Monday, August 25, 2008

Cure for "deadlocked!": learning to use proper SQL hints

Jeff Atwood's article Deadlocked! made me recall my painful experience with default locking settings in SQL Server.
Default select queries with (readcommitted) just don't work reliably in real life (because they cause deadlocks on regular basis).

It was hard to ignore scary stuff from SQL theoreticians about "dirty data", but eventually I've learned to use "with (nolock)" hint for most of my SELECT queries.
That doesn't mean that all queries should be written with nolock, but most of SQL queries should.
Especially if I'm writing web app.

In some situations I want to be sure that the data is consistent no matter what. In this case I use different locking hints. Which hints to use heavily depends on particular situation.

It's important to clearly understand what exactly locking does.
The locking model is relatively simple, however most of SQL Server locking tutorials are just terrible.

How-To learn SQL Server locking Tutorial

The best approach to learn about locking is to experiment:

1) Open three separate windows in SQL Management Studio.
Window One: for lock diagnostic sp_lock
Window Two: for pending transaction with Update/Delete/Insert query.
Window Three: for SELECT statements with different locking hints.

2) In Window One write and execute:
exec sp_lock
Take a look at the results.
Note what locks are there (these locks are generated by sp_lock itself).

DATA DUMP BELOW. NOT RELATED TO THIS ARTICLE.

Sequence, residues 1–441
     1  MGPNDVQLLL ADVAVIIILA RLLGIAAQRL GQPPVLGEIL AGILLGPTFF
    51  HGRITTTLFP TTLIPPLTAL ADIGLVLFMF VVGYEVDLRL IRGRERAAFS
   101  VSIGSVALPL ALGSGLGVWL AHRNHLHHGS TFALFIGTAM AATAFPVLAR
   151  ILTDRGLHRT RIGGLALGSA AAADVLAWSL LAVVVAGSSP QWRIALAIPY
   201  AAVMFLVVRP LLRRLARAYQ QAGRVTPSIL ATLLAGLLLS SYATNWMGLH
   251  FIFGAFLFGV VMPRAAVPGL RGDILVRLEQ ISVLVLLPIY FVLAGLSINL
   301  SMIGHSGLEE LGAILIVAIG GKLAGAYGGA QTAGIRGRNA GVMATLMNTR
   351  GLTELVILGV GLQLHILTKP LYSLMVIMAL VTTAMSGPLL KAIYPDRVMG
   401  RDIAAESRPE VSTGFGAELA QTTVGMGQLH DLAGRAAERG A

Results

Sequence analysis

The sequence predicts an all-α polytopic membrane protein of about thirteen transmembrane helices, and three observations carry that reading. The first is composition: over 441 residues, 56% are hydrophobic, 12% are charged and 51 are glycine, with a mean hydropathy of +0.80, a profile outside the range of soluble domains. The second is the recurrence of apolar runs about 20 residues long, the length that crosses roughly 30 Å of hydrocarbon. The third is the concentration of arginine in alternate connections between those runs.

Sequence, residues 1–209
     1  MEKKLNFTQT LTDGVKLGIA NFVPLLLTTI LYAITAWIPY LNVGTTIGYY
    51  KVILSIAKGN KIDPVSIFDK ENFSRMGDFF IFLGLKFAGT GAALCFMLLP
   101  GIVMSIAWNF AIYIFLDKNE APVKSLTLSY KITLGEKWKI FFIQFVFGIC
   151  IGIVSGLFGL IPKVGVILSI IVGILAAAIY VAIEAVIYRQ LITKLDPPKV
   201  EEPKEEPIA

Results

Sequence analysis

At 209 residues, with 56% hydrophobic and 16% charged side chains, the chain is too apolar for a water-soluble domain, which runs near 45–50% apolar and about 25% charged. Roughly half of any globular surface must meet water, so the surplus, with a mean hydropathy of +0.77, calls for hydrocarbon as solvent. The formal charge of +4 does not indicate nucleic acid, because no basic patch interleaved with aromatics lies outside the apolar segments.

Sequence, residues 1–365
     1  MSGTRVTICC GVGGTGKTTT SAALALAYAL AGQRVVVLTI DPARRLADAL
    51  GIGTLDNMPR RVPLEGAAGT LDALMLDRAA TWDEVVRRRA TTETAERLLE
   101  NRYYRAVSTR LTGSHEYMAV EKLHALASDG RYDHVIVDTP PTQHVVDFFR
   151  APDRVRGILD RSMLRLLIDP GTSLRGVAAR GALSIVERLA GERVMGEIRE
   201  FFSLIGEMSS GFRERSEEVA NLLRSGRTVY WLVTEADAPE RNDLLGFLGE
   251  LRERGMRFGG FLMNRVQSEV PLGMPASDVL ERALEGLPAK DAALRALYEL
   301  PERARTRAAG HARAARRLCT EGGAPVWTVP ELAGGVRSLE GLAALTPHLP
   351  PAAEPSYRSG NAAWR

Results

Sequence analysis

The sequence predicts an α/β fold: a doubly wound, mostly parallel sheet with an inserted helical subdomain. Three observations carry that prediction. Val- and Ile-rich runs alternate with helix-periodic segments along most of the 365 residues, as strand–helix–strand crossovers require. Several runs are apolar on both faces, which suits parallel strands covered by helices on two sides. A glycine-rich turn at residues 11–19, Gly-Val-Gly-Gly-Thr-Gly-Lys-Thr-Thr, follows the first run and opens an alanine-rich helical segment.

Learn about what these locks mean (Google is your friend).

3) In Window Two (that's separate connection to SQL server) write and execute:
============
begin transaction
update MyTestTable set MyColumn = 1
-- rollback transaction
============
Note, that "rollback transaction" is commented out, so transaction won't complete.

4) Return back to Window One and execute sp_lock.
Note what additional locks you see in sp_lock results.

5) In Window Three execute:
select * from MyTestTable with (updlock)
The query won't complete, because it's locked by pending transaction in Window Two.

6) Switch to Window Two and cancel transaction by executing "rollback transaction"
Make sure that SELECT transaction in Window Three is completed now.

7) Try different combinations of locks (readcommitted), (nolock), (updlock), (repeatableread), (serializable), ... in Window Three.
Try other different update/insert/delete statements in Window Two.

8) Try to use "commit transaction" instead of "rollback transaction" in Window Two and see how it would affect SELECT results in Window Three.

9) Try to run:
begin transaction
select * from MyTestTable with (updlock)
in Window Two and:
select * from MyTestTable with (serializable)
in Window Three.

10) Keep monitoring locks using sp_Lock in Window One.

11) Do free-style experimenting and research problem on Google when you are getting unexpected results.

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